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Grasses are, in human terms, perhaps the most economically important plant family. Their economic importance stems from several areas, including food production, industry, and lawns. They have been grown as food for domesticated animals for up to 6,000 years and the grains of grasses such as wheat, rice, maize (corn) and barley have been the most important human food crops. Grasses are also used in the manufacture of thatch, paper, fuel, clothing, insulation, timber for fencing, furniture, scaffolding and construction materials, floor matting, sports turf and baskets.

cattle on a pasture near Hradec nad Moravicí
Hradec nad Moravicí
in Czech Silesia.

Food production Agricultural grasses grown for their edible seeds are called cereals or grains (although the latter term, agriculturally, refers to both cereals and legumes). Of all crops grown, 70% are grasses.[26] Three cereals—rice, wheat, and maize (corn)—provide more than half of all calories consumed by humans.[27] Cereals constitute the major source of carbohydrates for humans and perhaps the major source of protein, including rice (in southern and eastern Asia), maize (in Central and South America), and wheat and barley (in Europe, northern Asia and the Americas). Sugarcane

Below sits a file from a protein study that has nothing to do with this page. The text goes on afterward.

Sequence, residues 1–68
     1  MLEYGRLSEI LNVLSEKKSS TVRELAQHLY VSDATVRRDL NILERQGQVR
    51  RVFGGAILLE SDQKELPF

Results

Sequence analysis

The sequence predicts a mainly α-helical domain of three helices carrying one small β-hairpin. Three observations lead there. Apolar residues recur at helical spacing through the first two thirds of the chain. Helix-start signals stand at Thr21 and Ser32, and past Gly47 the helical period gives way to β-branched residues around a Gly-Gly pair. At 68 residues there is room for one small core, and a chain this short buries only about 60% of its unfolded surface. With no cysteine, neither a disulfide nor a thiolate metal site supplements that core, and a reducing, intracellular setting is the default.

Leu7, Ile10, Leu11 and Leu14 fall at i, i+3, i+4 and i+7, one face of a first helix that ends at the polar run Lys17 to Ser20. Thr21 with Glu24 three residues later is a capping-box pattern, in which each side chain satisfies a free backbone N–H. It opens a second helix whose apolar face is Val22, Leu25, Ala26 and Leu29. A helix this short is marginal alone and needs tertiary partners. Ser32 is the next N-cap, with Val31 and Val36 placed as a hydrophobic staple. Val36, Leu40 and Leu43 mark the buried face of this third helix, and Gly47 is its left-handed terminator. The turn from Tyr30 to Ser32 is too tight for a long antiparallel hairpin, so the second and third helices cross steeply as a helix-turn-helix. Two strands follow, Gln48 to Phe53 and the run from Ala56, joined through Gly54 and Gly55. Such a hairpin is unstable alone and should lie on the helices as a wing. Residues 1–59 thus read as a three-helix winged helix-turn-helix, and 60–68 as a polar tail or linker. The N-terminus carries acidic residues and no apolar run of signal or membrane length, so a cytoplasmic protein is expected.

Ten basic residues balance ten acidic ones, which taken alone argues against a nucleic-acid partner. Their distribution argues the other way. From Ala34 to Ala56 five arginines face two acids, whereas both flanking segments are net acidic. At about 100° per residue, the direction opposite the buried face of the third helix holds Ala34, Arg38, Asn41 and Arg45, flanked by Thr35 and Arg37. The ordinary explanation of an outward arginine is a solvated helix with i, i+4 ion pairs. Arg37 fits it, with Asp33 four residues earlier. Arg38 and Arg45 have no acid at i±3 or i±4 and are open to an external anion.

is the major source of sugar production. Additional food uses of sugarcane include sprouted grain, shoots, and rhizomes, and in drink they include sugarcane juice and plant milk, as well as rum, beer, whisky, and vodka. Lemongrass
is a grass used as a culinary herb for its citrus-like flavor and scent. Many species of grass are grown as pasture for foraging or as fodder for prescribed livestock feeds, particularly in the case of cattle, horses, and sheep. Such grasses may be cut and stored for later feeding, especially for the winter, in the form of bales of hay or straw, or in silos as silage. Straw
(and sometimes hay) may also be used as bedding for animals. Industry Grasses are used as raw material for a multitude of purposes, including construction and in the composition of building materials such as cob, for insulation, in the manufacture of paper and board such as Oriented structural straw board. Grass fiber can be used for making paper, and for biofuel production.[citation needed]Bamboo scaffolding is able to withstand typhoon-force winds that would break steel scaffolding.[22] Larger bamboos and Arundo donax